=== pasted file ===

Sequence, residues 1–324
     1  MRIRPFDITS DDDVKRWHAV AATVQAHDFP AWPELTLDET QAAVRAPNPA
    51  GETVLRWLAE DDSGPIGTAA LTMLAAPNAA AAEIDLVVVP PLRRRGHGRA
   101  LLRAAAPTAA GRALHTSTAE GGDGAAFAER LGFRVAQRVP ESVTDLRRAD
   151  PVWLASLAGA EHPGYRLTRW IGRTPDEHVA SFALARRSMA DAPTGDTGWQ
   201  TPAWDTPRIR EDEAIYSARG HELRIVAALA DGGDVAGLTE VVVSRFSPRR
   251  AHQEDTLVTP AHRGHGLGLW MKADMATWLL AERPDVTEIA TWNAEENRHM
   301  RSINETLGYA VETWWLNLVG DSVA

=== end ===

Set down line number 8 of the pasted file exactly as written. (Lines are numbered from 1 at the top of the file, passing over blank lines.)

   301  RSINETLGYA VETWWLNLVG DSVA